"Consumers typically only apply approx. 0.5 mg/cm2. They also do not use finger cots or wait before going out into the sun; especially during beach use. The FDA directions for sunscreen application state: Non-Water Resistant Product • apply liberally 15 minutes before sun exposure • use a water resistant sunscreen if swimming or sweating • reapply at least every 2 hours • children under 6 months: Ask a doctor.
"The use of sunscreen active ingredients in cosmetics also is not relevant to this study. Excluding titanium dioxide, the use of permitted filters in cosmetics (not claiming SPF or any sun protection) is limited to very low levels of UV filters, to protect colors and fragrances from degradation when exposed to the sun. Typical levels are below 1% and are not subject to dosages or reapplications as described above.
While the major oversights in study design call for additional studies with proper controls and benchmarks, the damage to the industry may already be done.
"Titanium dioxide is an important cosmetic ingredient but not for UV protection. It is a white pigment used for its color in cosmetics such as makeup, eye shadow, lipstick and nail polishes. Can you image any consumer reapplying lipstick every 2 hr after applying 2 mg/cm2 and waiting 15 min after application to go out in the sun?
"The paper continues on with the claim that UV filters penetrate the skin. This shows that the scientist involved in this study has never formulated a sunscreen in his/her life. Just look at the four filters:
- Avobenzone: Whose melting point is usually specified as 81-86°C. Think of putting this on your skin and seeing how much penetrates.
- Oxybenzone: Whose melting point is 62°C. Same comments as above.
- Octocrylene: Which has a melting point of about 14°C; and
- Ecamsule: Whose melting point is 255°C, at which point it decomposes. In fact, this is not a UV filter, it is an acid; when neutralized to a salt it becomes a UV filter.
"So, if the FDA is so concerned about these penetrating the skin, why did they not test the pure chemicals? Because they need to be tested in the actual sunscreen setting. Also, the FDA purchased actual products for these tests and did not reveal the labeled SPF, water resistance, inactive ingredients, etc. What they failed to understand is how you dissolve these chemicals and make emulsions or sprays.
"The sprays are another question, as the report says the amount used was weighed for the study. But what happened to the volatile propellants? If they evaporated, the levels of everything remaining increased. The FDA was aware of this consideration as in 2007, it asked in a Federal Register (FR) notice whether sprays (and other forms of sunscreens) should be tested for SPF (and UVA) using the methods previously published.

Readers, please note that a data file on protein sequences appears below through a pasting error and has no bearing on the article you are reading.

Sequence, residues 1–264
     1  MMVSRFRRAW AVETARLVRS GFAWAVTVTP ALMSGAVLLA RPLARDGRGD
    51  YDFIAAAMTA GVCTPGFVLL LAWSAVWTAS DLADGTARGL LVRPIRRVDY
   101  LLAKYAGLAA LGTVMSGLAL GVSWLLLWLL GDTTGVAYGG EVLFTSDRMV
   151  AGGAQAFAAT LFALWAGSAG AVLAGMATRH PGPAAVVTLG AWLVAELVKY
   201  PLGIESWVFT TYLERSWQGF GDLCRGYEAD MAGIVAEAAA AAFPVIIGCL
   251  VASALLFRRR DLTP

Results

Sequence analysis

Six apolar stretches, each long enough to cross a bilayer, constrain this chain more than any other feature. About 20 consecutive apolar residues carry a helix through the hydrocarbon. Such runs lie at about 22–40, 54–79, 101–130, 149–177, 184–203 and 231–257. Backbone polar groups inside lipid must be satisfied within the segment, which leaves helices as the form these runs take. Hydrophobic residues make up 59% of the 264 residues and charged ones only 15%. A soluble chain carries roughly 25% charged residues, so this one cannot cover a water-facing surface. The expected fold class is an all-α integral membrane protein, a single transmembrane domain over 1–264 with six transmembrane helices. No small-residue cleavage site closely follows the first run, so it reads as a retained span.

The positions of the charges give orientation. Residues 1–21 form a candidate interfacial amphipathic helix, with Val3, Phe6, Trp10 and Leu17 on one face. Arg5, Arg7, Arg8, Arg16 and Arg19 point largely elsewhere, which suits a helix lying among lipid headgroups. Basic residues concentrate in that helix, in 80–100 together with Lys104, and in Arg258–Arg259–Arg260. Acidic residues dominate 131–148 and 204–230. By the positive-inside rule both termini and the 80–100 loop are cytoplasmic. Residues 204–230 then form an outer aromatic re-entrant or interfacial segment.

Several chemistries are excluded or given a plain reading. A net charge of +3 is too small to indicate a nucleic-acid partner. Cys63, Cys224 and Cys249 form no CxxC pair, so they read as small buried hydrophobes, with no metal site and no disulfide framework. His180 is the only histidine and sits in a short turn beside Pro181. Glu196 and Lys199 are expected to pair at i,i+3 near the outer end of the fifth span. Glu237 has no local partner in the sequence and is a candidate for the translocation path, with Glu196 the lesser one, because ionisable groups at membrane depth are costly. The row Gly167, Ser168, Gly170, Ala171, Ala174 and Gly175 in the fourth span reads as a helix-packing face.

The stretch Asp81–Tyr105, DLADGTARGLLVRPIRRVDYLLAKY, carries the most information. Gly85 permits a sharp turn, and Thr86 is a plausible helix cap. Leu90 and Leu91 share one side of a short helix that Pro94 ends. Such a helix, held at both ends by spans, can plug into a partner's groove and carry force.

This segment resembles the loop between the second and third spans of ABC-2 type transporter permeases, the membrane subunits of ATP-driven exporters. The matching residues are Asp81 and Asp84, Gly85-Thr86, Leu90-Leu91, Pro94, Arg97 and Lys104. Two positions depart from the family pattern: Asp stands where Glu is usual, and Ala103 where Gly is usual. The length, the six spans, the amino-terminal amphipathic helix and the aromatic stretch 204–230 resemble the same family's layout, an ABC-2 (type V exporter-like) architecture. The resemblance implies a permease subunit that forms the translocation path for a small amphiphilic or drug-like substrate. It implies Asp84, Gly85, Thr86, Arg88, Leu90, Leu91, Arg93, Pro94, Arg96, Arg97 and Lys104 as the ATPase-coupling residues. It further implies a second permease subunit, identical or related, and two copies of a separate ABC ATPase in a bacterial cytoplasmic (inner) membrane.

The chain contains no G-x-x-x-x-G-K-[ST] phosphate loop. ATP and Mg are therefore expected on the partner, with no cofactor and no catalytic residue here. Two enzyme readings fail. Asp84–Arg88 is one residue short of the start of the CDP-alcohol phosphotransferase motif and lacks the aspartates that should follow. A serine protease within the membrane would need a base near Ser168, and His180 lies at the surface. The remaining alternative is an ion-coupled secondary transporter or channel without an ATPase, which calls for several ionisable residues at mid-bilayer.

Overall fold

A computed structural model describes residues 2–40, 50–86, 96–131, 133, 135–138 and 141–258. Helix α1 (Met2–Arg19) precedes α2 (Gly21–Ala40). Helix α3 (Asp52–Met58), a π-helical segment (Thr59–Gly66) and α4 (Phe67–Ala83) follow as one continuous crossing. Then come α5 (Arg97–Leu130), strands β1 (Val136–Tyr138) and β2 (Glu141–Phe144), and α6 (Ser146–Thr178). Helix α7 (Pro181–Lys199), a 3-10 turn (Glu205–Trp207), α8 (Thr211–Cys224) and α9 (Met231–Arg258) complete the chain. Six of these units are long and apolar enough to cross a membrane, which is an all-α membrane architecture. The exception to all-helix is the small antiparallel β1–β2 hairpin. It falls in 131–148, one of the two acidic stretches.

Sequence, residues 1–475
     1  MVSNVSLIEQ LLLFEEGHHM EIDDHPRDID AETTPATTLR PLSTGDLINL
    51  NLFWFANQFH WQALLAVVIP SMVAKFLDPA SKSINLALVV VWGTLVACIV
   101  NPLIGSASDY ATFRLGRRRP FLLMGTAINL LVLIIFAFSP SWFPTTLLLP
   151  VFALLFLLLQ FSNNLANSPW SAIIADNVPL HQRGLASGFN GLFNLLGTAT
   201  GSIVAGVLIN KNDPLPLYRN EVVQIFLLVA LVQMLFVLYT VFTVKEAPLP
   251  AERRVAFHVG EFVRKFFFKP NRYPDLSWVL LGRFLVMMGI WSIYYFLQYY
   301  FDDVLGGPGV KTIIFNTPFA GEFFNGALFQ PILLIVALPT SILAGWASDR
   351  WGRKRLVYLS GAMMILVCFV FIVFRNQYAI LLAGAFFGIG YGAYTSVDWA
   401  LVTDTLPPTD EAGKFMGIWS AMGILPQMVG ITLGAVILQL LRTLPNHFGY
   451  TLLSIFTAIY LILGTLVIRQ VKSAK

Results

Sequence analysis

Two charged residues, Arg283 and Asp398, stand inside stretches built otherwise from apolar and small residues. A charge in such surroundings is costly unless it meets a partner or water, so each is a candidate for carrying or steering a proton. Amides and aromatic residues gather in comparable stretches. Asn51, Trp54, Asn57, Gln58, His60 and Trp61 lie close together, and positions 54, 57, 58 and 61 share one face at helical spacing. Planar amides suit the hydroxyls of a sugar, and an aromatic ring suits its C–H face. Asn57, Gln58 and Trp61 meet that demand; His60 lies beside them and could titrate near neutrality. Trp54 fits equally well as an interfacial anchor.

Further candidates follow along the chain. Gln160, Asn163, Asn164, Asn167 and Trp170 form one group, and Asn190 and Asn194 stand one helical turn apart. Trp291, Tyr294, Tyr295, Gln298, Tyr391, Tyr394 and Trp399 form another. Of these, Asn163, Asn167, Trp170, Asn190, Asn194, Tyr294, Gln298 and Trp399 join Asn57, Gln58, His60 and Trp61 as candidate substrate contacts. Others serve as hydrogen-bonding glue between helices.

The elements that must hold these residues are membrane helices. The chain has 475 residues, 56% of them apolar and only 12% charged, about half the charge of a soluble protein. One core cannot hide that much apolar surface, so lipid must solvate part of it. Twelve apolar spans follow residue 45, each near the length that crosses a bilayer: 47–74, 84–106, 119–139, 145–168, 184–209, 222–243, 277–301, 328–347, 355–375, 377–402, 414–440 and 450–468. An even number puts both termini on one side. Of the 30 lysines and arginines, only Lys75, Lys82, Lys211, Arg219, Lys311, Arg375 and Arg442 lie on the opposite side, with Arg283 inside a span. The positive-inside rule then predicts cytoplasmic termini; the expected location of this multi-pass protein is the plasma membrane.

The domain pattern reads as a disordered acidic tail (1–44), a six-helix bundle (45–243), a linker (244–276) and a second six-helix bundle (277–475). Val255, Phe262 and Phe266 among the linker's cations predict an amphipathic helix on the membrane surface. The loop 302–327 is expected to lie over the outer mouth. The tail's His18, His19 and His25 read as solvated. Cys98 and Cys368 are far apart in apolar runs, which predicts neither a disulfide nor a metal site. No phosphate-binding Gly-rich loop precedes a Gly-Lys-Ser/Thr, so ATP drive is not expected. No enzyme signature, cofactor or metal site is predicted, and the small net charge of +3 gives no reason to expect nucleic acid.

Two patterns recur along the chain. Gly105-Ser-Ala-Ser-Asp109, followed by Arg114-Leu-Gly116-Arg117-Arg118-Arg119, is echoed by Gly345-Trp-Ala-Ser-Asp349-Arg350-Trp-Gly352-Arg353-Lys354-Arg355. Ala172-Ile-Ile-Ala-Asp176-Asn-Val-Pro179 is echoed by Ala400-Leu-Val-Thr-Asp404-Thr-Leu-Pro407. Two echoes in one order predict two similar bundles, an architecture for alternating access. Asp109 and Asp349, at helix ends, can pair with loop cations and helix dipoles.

"The next FR publication gave sprays a 'free ride' even though the FDA received no comments or suggestions regarding this issue. The FDA has tried to ban other methods of applying sunscreens to the skin but only those formulating cleansing formats, which are washed off before exposure to the sun, submitted a methodology that would be applicable.
"This paper is further flawed by not listing all ingredients, and whether water resistant or very water resistant was claimed. Were there oil-soluble polymers in the formulation, and how did this affect skin penetration? These are typically added to pass the FDA method for claiming water resistance. They act as a barrier to prevent the UV filters from washing off by water exposure alone, but also may prohibit skin penetration by the UV filters.
"The same critical question must be asked regarding solvents in the oil phase. Do the individual solvents penetrate the skin, and can they carry UV filters through the skin? It is also critical to determine the solubility parameters of the oil phase and the required solubility parameter of each UV filter. This requires knowledge of how to formulate a sunscreen.
"I think this study has too many flaws and is [based on too small a panel] to make the comments and [conclusions] being made, especially without disclosing all the ingredients. Furthermore, I question how any peer reviewer on this paper allowed it to be published; unless they lacked the knowledge to understand all these issues."
While the major oversights in study design call for additional studies with proper controls and benchmarks, the damage to the industry may already be done. Consumer media has picked up the story, alarming users based on inconclusive data.
This is certainly not the first time we've seen it happen. Take oxybenzone, for example, which is in the hotseat over alleged negative effects to coral reefs. No doubt the ebb and flow of consumer demand, and therefore industry direction, will soon sway back toward physical sunscreens.